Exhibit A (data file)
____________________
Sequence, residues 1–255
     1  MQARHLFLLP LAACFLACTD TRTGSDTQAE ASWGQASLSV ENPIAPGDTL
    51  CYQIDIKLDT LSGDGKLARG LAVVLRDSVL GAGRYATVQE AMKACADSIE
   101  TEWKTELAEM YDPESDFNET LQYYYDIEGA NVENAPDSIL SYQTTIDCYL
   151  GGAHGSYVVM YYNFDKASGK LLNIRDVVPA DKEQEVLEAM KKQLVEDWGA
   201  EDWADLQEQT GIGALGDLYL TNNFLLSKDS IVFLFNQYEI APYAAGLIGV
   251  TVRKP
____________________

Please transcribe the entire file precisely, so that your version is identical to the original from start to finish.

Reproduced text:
Sequence, residues 1–255
     1  MQARHLFLLP LAACFLACTD TRTGSDTQAE ASWGQASLSV ENPIAPGDTL
    51  CYQIDIKLDT LSGDGKLARG LAVVLRDSVL GAGRYATVQE AMKACADSIE
   101  TEWKTELAEM YDPESDFNET LQYYYDIEGA NVENAPDSIL SYQTTIDCYL
   151  GGAHGSYVVM YYNFDKASGK LLNIRDVVPA DKEQEVLEAM KKQLVEDWGA
   201  EDWADLQEQT GIGALGDLYL TNNFLLSKDS IVFLFNQYEI APYAAGLIGV
   251  TVRKP